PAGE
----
Album Remarks & Appraisals:
"File under: Things You Knew You Never Wanted. Scott Weiland, the mercurial front man of Stone Temple Pilots, apparently had debonair pop traditionalism in mind when he made his Christmas album. Never mind that his best efforts as a crooner call to mind the meretricious jollity of the Grinch in Santa guise. Never mind that his take on “I’ll Be Home for Christmas,” delivered in a blurry warble, reeks of stale delusions. You’re meant to buy into Mr. Weiland’s sweater-vest sincerity as soon as the strings begin their swoon on “The Christmas Song,” stealing blatantly from Nat King Cole’s pacesetting version of the tune. You’re meant to admire the light churn of the big band on the album’s title track, and the way that Mr. Weiland gets through it. And what about the resort-reggae arrangement of “Silent Night,” or the faux-bossa of “Happy Christmas and Many More,” a stray original? Maybe, just maybe, they’re a signal that Mr. Weiland is in on the joke." -The New York Times
Personnel: Scott Weiland (vocals); Doug Grean (guitar, keyboards, electric bass); Andrew Tholl, Ronit Kirchman, Eric "km" Clark, Orin Hildestad (violin); Natalie Brejcha, Joshua Heaphey (viola); Ashley Walters, Jessica Catron (cello); Michael Birnbryer (flute, clarinet, saxophone); Josh Aguiar (trumpet); Otto Granillo (trombone); Matt Politano (piano); Matt Cory (upright bass); Dana Thompson , Daniel Schnelle (drums); Joseph 'Panhead' Peck (steel drum, percussion); Erin Aiello, Phil Winterbone (background vocals).
Audio Mixer: Doug Grean.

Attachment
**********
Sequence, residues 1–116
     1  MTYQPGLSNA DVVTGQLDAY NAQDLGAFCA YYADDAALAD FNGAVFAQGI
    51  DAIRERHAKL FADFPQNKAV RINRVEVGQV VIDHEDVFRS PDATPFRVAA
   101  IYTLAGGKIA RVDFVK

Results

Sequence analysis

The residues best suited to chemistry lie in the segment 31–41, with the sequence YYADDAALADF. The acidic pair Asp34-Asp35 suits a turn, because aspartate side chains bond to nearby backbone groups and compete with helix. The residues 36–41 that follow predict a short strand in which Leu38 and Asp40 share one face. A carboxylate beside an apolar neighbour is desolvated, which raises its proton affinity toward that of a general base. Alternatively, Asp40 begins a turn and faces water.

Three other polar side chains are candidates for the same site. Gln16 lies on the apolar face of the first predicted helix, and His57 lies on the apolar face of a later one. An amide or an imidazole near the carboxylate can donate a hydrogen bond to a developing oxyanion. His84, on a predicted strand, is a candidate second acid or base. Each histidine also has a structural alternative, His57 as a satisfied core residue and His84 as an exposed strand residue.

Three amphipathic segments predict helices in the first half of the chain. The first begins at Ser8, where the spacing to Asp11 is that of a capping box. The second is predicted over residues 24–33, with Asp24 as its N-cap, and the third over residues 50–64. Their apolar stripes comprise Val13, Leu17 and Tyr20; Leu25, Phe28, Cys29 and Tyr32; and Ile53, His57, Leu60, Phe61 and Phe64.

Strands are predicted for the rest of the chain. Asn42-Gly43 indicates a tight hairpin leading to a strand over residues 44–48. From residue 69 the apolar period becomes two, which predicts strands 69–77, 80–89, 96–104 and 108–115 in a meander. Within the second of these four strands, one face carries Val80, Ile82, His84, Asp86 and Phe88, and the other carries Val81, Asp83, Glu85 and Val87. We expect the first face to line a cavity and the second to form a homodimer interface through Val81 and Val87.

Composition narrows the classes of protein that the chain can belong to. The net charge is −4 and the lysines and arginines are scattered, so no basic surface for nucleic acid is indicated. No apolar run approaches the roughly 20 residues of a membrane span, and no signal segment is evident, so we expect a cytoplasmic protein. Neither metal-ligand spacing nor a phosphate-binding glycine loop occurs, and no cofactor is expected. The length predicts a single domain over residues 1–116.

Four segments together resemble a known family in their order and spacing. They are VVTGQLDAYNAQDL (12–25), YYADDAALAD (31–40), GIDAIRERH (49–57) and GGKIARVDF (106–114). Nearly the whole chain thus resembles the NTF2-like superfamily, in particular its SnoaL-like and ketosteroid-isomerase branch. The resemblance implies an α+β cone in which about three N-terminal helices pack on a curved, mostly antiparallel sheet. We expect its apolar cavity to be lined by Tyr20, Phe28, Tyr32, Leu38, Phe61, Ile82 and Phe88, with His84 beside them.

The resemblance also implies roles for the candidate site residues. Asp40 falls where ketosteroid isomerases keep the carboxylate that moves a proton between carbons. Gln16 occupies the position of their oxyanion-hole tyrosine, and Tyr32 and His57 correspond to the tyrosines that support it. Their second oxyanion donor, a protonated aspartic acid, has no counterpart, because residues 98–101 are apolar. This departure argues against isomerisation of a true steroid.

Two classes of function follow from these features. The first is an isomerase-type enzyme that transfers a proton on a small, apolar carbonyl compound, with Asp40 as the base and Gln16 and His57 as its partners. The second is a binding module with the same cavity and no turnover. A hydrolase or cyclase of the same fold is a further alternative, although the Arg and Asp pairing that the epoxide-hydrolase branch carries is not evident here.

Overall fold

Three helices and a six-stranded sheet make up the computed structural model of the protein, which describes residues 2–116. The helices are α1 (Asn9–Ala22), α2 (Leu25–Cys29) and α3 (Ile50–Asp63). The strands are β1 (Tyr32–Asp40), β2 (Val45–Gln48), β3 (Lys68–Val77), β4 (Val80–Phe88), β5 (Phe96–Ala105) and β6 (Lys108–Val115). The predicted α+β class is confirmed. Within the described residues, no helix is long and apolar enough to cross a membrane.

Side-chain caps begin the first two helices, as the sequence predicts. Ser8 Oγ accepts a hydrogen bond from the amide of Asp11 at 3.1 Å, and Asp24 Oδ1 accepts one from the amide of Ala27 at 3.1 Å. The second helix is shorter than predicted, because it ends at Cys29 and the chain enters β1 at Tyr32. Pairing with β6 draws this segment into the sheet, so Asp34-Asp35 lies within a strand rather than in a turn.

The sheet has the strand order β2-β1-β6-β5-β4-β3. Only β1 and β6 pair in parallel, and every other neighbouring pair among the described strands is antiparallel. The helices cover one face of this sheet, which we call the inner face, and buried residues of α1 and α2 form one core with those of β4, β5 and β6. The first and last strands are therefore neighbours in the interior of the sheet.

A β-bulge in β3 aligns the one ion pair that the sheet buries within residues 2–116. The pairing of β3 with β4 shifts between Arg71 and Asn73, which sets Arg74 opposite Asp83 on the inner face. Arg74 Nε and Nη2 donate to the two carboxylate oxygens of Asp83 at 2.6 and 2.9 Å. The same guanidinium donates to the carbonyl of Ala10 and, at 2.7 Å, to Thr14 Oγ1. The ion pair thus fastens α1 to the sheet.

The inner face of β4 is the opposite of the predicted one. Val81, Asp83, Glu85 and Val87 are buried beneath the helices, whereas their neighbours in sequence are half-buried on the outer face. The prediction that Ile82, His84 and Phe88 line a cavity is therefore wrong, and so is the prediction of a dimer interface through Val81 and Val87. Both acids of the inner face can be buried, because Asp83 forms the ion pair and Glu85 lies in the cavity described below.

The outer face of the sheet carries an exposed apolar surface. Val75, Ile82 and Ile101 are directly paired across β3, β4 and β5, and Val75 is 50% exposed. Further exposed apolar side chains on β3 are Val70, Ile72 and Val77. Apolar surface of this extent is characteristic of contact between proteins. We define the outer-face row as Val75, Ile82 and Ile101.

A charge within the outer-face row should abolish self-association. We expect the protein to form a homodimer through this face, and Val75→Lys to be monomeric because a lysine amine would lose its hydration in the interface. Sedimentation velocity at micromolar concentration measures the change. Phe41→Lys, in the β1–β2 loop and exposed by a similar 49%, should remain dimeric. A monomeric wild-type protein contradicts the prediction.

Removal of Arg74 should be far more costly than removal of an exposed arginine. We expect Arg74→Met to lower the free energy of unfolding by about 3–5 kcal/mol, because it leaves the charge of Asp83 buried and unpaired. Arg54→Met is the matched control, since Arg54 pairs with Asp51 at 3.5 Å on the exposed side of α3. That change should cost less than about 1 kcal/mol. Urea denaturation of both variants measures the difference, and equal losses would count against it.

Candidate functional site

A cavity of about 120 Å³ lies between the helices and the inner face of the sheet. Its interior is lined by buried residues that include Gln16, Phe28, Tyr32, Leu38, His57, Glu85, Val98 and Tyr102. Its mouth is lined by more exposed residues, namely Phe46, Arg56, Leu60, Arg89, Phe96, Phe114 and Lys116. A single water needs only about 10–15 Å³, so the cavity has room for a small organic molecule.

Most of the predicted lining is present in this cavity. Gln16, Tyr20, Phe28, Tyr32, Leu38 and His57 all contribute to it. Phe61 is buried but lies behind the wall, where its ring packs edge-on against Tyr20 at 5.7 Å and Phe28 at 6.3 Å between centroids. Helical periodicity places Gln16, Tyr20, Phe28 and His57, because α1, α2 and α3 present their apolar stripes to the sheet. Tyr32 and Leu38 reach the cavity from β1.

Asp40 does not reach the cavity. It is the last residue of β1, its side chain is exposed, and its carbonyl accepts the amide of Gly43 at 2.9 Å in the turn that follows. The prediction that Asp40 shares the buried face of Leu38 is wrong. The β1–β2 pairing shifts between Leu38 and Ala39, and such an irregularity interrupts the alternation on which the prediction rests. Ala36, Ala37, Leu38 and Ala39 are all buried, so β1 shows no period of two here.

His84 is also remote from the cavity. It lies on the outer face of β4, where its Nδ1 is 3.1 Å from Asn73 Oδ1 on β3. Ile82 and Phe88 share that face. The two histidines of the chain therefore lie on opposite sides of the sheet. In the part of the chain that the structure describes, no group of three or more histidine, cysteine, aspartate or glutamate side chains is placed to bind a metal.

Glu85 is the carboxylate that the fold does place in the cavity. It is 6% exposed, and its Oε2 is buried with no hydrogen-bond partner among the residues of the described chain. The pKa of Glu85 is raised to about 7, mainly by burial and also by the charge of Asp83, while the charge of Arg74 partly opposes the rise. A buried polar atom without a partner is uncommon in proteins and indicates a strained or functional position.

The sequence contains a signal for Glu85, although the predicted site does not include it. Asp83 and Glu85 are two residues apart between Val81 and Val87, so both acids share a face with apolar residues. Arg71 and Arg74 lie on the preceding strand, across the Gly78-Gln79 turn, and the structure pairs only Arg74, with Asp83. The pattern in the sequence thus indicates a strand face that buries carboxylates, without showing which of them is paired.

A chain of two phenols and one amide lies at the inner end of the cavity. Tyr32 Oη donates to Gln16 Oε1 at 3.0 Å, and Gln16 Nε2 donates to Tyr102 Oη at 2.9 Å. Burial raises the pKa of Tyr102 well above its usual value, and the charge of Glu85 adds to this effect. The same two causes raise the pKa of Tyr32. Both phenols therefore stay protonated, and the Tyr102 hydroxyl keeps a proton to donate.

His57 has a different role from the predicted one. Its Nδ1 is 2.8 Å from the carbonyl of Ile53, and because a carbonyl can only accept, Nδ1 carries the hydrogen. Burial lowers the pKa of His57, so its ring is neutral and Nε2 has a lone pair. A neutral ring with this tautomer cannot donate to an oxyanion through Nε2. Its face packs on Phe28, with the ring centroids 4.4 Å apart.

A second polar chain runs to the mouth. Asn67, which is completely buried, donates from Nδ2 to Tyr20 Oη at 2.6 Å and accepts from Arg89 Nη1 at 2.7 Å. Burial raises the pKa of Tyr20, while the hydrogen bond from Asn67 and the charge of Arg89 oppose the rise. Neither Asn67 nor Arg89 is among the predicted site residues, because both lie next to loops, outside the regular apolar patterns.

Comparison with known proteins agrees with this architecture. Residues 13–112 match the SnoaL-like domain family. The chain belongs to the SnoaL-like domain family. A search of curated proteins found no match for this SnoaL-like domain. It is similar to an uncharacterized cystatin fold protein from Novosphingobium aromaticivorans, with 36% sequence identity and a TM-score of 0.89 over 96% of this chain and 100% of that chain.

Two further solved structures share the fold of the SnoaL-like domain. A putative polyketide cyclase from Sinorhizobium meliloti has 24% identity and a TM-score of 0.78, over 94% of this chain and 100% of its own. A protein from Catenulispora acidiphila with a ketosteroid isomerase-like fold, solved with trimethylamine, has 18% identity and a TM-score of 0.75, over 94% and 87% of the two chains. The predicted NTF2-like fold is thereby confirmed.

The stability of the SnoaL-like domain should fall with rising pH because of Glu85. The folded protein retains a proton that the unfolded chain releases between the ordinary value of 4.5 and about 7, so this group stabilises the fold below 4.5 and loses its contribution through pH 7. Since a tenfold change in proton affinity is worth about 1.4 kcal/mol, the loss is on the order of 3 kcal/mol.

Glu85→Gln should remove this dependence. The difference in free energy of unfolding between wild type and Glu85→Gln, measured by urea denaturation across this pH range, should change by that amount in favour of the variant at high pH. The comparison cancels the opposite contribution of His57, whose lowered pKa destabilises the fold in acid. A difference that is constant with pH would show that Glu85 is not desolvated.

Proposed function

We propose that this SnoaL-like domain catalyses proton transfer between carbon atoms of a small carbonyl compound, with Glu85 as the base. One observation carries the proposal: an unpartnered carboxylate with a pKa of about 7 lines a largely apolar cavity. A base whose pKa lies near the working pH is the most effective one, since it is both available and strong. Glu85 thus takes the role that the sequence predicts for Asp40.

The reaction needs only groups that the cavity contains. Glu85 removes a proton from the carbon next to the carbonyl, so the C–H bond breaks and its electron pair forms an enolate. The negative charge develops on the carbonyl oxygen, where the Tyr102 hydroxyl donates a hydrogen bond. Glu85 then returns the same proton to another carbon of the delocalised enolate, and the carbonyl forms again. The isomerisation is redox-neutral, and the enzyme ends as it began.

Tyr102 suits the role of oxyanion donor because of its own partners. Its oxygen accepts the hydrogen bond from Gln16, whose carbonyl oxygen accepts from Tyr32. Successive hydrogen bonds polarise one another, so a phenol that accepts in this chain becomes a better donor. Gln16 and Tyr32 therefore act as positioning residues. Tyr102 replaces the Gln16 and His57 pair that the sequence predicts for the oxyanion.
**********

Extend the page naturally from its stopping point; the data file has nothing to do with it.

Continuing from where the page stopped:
Very few people may have been waiting for a Christmas record from Scott Weiland, but that doesn't mean reindeer sweaters are an uncomfortable fit for the rocker. Unabashed Bowie fan that he is, Weiland has always shown a weakness for crooning, slipping into a slur even on Core, but The Most Wonderful Time of the Year allows him to indulge in his Thin White Duke obsession to his heart's content. Maybe he doesn't re-create Bowie's duet with Bing Crosby on "Little Drummer Boy," but he surely cops Der Bingle's warble on "I'll Be Home for Christmas" and "Winter Wonderland," then layers in harmonies out of Hunky Dory on "It's the Most Wonderful Time of the Year," all coloring for a record that is, like so many traditional holiday albums from rockers, shamelessly patterned on Sinatra's classic Christmas albums (well, with the exception of "Silent Night," whose Casio rhythms are straight out of Tiny Music). The thing is, Weiland doesn't quite take this all seriously -- there are layers of kitsch in his bossa nova swing, not to mention that repeated Bing mimicry or the decision to have "O Holy Night" bounce along to a reggae beat -- yet he's not being ironic, either. Weiland sounds loose, like he's discovered how to have fun in the studio, and if he hasn't made a holiday album for the ages, at least he's cut one that's enjoyable. ~ Stephen Thomas Erlewine